What do these changes in Happy Valley mean for Ohio State? Unfortunately, it means the Buckeyes are no longer the talk of the town in every football-related category. Sure, they’ve got offense on lockdown (another shoutout to another Heisman Trophy finalist at quarterback), but the trends on defense have been troubling.
Until facing Alabama last season in the College Football Playoff finals, the Buckeyes, like Penn State, boasted an elite defense. This season, that defense was regularly exploited. The passing defense finished 12th in the Big Ten, giving up 247 yards per game through the air. There were also those games against Minnesota, Oregon and Michigan where the Buckeyes allowed 200+ yards on the ground in each matchup.
These shifts felt like they’ve been in the works for some time, though. In the 2021 NFL Draft, for the first time since 2015, the Buckeyes did not have a defensive player taken in the first round of the draft. It was a far cry from just a few years before when, for instance, Ohio State had three defensive backs taken in the first round alone, or three seasons where defensive ends were taken within the top-three picks.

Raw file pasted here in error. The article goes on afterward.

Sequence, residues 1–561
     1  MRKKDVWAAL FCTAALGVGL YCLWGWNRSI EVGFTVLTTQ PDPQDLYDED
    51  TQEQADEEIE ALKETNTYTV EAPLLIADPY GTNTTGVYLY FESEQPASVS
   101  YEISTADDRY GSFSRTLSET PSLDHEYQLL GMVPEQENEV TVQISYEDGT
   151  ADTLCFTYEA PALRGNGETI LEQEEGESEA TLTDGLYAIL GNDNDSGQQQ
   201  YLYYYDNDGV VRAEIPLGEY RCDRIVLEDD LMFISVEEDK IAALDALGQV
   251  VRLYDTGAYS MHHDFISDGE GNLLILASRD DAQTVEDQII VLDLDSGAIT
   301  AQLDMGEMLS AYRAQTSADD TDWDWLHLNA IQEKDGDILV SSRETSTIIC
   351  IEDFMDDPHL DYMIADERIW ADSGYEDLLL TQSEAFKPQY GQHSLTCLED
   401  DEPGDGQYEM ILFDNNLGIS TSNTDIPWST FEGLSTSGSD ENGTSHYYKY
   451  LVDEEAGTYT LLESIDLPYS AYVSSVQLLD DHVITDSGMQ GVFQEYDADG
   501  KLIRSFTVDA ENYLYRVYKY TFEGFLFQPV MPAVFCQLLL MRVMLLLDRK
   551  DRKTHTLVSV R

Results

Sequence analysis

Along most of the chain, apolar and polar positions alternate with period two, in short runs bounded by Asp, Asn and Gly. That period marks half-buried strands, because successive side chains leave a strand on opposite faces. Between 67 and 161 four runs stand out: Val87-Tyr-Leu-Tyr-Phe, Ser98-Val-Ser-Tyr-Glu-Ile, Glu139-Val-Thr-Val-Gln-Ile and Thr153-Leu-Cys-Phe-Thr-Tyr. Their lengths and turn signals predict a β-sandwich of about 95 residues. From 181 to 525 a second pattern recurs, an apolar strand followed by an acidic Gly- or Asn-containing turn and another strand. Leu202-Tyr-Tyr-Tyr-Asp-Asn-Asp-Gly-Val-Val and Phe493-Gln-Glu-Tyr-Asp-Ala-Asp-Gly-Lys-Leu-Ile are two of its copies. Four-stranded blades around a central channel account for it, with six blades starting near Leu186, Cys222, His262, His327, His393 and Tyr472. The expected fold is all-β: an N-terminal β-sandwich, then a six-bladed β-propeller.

However, is one very poor season of performances on defense enough to press the panic button? The Buckeyes have made their own moves at defensive coordinator, bringing on Oklahoma State’s Jim Knowles. While not a name like Diaz (because he’s never been a head coach at a Power Five program), his Cowboys gave up under 17 points per game this season. In theory, that shift should solve many of the on-field challenges we’ve seen from the defense in the last year.
When it comes to pro-level talent, there’s also a degree of the NFL being something of a numbers game which, unfortunately, is not as skewed in favor of the Buckeyes as one might think: Ohio State has 44 players on NFL rosters currently to Penn State’s 33. Further, there are many notable Nittany Lions at many positions: Allen Robinson and Chris Godwin at wide receiver, Saquon Barkley and Miles Sanders at running back, heck, even Robbie Gould at kicker. And of course, Micah Parsons.
Ohio State finished this season ranked 50th in scoring defense nationally and seventh in the Big Ten. For a brand that’s prided itself for years on developing NFL-caliber talent, that’s bad, especially when one of the teams well ahead — Penn State, which was seventh nationally and third in the conference — has had such vivid performances from former players and made such high-profile offseason moves.
For several seasons in recent memory, Penn State rose to become the most threatening team on Ohio State’s schedule, but the Nittany Lions have fallen off somewhat in the last three seasons. Now, however, Penn State’s success in the NFL, elite recruiting and premier coaching staff have created a competing brand in the Big Ten East — and one the Buckeyes will have to watch out for on the recruiting trail and the football field alike.